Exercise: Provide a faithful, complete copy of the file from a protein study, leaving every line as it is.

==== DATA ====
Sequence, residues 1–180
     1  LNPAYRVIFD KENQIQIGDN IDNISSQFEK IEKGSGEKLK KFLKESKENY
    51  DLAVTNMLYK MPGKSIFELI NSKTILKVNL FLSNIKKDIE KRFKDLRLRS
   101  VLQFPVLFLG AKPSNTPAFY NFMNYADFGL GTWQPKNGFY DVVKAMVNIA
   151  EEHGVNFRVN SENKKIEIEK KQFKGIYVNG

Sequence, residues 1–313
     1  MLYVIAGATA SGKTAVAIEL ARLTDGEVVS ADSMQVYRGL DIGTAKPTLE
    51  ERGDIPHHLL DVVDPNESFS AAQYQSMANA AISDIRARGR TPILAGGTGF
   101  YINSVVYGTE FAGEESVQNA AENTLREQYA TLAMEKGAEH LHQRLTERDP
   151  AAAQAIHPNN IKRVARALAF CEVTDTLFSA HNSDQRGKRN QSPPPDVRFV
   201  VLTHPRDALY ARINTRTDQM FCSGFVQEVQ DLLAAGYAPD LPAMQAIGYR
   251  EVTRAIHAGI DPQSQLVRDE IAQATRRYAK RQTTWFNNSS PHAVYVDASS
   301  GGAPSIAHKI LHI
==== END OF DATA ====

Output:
Sequence, residues 1–180
     1  LNPAYRVIFD KENQIQIGDN IDNISSQFEK IEKGSGEKLK KFLKESKENY
    51  DLAVTNMLYK MPGKSIFELI NSKTILKVNL FLSNIKKDIE KRFKDLRLRS
   101  VLQFPVLFLG AKPSNTPAFY NFMNYADFGL GTWQPKNGFY DVVKAMVNIA
   151  EEHGVNFRVN SENKKIEIEK KQFKGIYVNG

Sequence, residues 1–313
     1  MLYVIAGATA SGKTAVAIEL ARLTDGEVVS ADSMQVYRGL DIGTAKPTLE
    51  ERGDIPHHLL DVVDPNESFS AAQYQSMANA AISDIRARGR TPILAGGTGF
   101  YINSVVYGTE FAGEESVQNA AENTLREQYA TLAMEKGAEH LHQRLTERDP
   151  AAAQAIHPNN IKRVARALAF CEVTDTLFSA HNSDQRGKRN QSPPPDVRFV
   201  VLTHPRDALY ARINTRTDQM FCSGFVQEVQ DLLAAGYAPD LPAMQAIGYR
   251  EVTRAIHAGI DPQSQLVRDE IAQATRRYAK RQTTWFNNSS PHAVYVDASS
   301  GGAPSIAHKI LHI